The Buffalo Bills
founded their cheerleading squad in 1967. (Tom Szczerbowski/Getty Images)
Just days after five former Buffalo Bills cheerleaders filed a lawsuit against the organization, the franchise has suspended operations on the Buffalo Jills.
The suit suggests that the Bills cheerleaders were underpaid and "mistreated," a claim similar to those filed earlier this offseason by former members of the Oakland Raiders cheerleading squad, The Raiderettes, and Cincinnati's Ben-Gals.
There was no mention of how long the suspension of operations regarding the Jills would be or if the cheerleading squad is being removed permanently.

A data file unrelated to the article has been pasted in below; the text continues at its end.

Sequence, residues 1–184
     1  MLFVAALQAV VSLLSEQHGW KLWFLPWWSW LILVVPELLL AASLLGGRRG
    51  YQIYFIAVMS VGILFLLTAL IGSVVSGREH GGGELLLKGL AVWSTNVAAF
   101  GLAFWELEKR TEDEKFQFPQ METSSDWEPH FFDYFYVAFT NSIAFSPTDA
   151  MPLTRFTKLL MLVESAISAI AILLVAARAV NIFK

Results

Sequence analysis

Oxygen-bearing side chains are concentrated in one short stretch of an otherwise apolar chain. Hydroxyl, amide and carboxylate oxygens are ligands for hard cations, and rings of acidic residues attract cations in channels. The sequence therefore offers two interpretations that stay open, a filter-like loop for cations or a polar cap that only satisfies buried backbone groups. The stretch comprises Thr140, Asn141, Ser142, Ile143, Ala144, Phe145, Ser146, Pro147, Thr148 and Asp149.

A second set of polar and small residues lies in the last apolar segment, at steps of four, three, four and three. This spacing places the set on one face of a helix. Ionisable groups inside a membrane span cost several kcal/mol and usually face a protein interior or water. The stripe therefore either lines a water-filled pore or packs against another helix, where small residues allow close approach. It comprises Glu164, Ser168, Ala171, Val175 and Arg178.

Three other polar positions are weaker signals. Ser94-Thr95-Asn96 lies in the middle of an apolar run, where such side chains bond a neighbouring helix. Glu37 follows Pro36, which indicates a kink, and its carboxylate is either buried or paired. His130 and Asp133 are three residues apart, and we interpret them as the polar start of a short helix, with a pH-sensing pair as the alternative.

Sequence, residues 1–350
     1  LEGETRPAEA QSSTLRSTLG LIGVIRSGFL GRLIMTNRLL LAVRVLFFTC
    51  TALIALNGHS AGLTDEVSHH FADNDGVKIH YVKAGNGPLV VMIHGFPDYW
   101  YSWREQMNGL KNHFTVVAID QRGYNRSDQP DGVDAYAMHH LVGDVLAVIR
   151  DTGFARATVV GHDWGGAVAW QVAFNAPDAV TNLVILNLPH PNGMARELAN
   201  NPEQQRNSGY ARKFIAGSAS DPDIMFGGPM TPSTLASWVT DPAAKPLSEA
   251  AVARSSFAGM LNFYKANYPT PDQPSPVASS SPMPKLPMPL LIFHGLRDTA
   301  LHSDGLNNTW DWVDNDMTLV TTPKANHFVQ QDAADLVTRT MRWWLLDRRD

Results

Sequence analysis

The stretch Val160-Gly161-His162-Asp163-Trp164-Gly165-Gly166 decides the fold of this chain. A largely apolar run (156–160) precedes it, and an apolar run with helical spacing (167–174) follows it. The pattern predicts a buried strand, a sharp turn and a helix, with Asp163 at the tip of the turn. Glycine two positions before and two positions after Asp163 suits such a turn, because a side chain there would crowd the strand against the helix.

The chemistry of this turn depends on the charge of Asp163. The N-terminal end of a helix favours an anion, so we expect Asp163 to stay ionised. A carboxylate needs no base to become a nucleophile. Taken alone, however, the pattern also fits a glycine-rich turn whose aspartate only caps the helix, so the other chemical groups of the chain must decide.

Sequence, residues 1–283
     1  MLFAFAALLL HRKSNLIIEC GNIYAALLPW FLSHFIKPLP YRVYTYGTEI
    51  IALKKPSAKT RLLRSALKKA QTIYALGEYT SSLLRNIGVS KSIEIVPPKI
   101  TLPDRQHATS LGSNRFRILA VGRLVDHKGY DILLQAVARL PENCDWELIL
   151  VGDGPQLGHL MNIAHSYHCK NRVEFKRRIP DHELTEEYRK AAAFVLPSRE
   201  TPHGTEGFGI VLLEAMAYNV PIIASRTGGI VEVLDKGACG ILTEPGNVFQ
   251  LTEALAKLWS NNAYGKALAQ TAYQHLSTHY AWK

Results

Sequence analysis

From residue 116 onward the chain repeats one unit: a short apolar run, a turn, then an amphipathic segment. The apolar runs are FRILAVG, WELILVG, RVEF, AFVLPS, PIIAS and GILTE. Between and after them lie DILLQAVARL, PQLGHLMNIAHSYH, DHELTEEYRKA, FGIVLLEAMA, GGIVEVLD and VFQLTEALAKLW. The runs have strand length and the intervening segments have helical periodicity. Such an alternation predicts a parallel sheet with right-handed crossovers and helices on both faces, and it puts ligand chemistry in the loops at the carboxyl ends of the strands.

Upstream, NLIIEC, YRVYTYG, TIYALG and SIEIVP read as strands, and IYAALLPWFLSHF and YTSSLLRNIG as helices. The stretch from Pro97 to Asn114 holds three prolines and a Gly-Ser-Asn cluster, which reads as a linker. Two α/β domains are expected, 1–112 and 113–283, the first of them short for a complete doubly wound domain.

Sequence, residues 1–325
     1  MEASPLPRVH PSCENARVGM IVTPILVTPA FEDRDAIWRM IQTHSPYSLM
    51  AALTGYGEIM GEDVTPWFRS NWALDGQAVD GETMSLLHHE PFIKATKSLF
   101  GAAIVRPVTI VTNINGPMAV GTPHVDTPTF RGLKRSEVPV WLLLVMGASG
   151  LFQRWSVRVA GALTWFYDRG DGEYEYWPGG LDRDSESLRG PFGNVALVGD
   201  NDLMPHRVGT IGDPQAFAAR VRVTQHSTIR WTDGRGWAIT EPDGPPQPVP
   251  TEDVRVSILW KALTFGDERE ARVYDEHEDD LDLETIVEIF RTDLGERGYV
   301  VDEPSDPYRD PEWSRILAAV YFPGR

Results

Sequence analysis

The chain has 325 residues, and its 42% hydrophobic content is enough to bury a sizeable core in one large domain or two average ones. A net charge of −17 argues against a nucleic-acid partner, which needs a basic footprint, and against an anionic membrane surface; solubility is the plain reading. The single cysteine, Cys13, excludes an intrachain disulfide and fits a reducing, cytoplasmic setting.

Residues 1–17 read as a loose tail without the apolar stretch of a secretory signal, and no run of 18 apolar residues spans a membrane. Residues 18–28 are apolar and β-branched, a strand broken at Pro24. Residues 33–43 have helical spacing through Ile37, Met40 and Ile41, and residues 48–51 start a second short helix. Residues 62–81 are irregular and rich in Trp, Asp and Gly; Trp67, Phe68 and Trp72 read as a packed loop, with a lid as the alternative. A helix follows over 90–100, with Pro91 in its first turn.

Stephanie Mateczun, president of Stejon Production Corp., which manages the "Buffalo Jills," confirmed to ESPN on Thursday that operations were suspended. She withheld further comment.
The former cheerleaders also allege that the "Jills" are wrongly classified as independent contractors and are subjected to policies that violate the state's $8 per hour minimum wage law and other workplace rules. The civil action, which seeks unspecified back pay and legal fees, names Stejon Productions Corp., which assumed management of the Jills in 2011, along with former manager Citadel Communications Co., and the team.
As of right now the situation appears to be rather fluid with no answers outside of the Jills operations currently suspended with no return date announced.
Unlike the Bills, the Raiders and Bengals
organizations have continued to operate their cheerleading squads despite pending litigation.